Local wags have dubbed it the Franken Tree. And in truth, it’s real-life title is not much more impressive. It’s a mono-pine.

That’s the term for the camouflaged cell tower looming over all the other, lower conifers, high above Highway 62 between Ridgway and Placerville. Part of what is perplexing about the tower is the way it suddenly appeared. In nature, a tree that tall would’ve taken decades to grow. Yet this one appeared on the upper horizon seemingly instantly, as if by magic.

In reality, it took a heckuva lot of work to install the mono-pine, so named for the single pole beneath its “branches.” Neil Wiser, the owner, builder and designer of Denver-based Fidelity Towers, which installed “the fake pine tree” — as he forthrightly referred to it —recalled the construction process, which took place late last summer. “I end up with a lot of the more challenging” mono-pine placements, he said. “The logistics of getting that 70-foot pole with 107 branches, and concrete; boring under Highway 62, and trenching up 62X … I wouldn’t call it an easy one. Access roads can be a challenge on mountain sites.” And that just describes accessing the site, which is being leased from a local landowner. There was also the digging to place the mono-pine’s pole in the ground. Said Wiser, “They call them the Rockies for a reason.”

Fidelity Towers has installed three mono-pines in this region, all of them in San Miguel County. A second is located on Specie Mesa. “If you look straight up at mile marker 3 on Highway 62, just before you turn left from Ridgway to Placerville on Hwy 62, you’ll see that fake pine tree up there up there if you look closely,” Wiser said. “I built a third tower on top of the Telluride Ski Resort, on Coonskin Ridge, just down from the gondola, last summer.” That tower provides service for AT&T and T-Mobile cellular customers. The Placerville structure “has the sheriff and fire guys’ emergency radio equipment, as well as T-Mobile on it,” Wiser said. The mono-pine above Dallas Divide will be utilized by T-Mobile for voice and data-services later this spring — “All that’s left for them to do is install their antennas and radio equipment as soon as they get a good weather window” — and San Miguel County’s emergency services.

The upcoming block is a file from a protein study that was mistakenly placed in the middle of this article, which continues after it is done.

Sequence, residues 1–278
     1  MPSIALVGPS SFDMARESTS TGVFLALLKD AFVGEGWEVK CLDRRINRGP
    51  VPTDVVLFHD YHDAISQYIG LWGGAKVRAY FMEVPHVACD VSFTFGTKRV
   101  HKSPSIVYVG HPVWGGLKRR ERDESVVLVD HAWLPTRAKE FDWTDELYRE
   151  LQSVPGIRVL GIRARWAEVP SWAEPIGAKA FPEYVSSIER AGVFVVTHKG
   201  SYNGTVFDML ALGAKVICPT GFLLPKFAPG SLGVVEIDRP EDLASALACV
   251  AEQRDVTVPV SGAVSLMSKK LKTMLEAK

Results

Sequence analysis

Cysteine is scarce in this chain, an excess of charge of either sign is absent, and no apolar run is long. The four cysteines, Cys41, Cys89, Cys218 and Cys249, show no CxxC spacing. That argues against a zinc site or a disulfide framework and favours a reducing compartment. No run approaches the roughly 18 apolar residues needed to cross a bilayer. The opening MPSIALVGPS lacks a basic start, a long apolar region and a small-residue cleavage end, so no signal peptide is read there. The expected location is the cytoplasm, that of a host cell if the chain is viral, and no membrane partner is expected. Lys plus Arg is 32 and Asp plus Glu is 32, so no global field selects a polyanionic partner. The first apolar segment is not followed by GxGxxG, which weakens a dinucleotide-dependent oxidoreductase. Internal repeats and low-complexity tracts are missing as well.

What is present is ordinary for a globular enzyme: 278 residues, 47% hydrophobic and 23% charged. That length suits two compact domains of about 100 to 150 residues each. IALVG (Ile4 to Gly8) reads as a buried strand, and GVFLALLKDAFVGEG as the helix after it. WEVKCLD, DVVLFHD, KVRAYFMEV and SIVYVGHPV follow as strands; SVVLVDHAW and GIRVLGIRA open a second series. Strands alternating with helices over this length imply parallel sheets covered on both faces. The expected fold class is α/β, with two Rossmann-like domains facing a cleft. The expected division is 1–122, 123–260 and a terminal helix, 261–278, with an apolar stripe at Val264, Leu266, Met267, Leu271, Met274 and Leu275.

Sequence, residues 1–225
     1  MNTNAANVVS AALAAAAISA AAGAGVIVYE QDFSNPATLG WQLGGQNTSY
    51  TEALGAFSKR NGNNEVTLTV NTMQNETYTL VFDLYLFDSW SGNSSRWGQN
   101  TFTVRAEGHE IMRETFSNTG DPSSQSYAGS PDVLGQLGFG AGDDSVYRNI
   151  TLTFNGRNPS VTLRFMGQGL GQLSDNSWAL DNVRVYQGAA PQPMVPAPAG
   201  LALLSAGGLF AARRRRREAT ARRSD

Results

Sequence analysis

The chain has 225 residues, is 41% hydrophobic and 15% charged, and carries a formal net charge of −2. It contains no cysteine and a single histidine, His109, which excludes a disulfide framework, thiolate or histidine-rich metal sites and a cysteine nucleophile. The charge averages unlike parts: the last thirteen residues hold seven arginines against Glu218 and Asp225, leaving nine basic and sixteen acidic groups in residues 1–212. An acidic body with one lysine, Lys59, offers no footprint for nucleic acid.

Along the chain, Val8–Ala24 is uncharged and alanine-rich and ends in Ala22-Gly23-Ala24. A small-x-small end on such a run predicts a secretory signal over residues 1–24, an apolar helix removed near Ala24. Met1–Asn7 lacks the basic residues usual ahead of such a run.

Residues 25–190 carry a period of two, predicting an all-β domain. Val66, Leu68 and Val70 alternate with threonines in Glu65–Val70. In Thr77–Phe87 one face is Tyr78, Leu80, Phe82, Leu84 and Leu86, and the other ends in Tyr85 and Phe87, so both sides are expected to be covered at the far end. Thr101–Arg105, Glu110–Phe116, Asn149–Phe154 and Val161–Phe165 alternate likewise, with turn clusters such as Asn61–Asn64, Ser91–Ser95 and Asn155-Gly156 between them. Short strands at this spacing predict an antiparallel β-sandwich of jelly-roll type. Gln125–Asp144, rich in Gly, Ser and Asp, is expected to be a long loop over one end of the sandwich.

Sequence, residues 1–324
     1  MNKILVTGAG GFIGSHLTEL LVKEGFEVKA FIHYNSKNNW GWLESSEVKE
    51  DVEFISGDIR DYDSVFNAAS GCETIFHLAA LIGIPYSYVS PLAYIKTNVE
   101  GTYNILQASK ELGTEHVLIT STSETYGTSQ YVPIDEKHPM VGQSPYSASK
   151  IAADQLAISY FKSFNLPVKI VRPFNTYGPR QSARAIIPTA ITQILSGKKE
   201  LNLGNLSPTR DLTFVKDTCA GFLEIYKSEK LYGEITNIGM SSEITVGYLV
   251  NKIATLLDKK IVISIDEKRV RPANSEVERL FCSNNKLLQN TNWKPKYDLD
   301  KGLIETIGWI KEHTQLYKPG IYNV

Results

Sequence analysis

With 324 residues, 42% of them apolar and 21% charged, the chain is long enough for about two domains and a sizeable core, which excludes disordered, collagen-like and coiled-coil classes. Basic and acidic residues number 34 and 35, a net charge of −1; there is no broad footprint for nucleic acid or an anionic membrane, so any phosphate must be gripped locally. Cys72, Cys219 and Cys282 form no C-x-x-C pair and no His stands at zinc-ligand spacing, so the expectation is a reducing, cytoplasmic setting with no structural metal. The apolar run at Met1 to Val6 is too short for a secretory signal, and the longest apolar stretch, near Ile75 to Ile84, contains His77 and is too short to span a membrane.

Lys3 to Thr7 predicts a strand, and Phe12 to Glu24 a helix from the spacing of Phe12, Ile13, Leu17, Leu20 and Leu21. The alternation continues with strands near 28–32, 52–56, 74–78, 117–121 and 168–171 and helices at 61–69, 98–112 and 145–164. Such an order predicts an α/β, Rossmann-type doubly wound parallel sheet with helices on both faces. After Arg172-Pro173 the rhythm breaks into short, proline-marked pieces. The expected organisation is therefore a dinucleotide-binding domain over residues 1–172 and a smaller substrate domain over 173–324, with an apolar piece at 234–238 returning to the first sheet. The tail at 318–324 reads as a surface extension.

Verizon and AT&T are welcome to utilize the Dallas Divide mono-pine, but so far T-Mobile is Wiser’s only paying customer. “They’ve really jumped ahead” in their cellular coverage, he said. “They’ve made a very concerted effort these last couple of years to try to put as much pink on the maps as Verizon has red.”

“The Dallas Divide tower is an important link for both cell services and emergency communications between all of our responders and agencies,” said Mike Rozycki, San Miguel County’s outgoing planning director. “Mr. Wiser has got to be complimented. He’s come up with stealth towers in remote locations and has tried very hard to comply with the intent of our new land use provisions.”

In short, Rozycki said, “He’s been very good to work with.”

The county’s new planner, Kaye Simonson, has a keen eye for good (and wretched) design. She’s been Mesa County’s senior planner, and historic preservation planner for the town of Telluride. She recalled a soaring mono-pine outside of Green River, Utah. “You’re making that big climb up out of the San Miguel Swell and it was out on a prominent point,” she said. “It was a complete anachronism. The tallest plant around it was sagebrush,” and the species of pine it attempted to replicate “wasn’t even found in that area.”

Her aesthetic verdict: “Really hideous.”

So much of a camouflaged towers’ ability to be convincing “has to do with distance and perspective,” Simonson added. “I have seen that tower,” she said of the Dallas Divide’s “Franken Tree.” “It doesn’t seem too out of place.”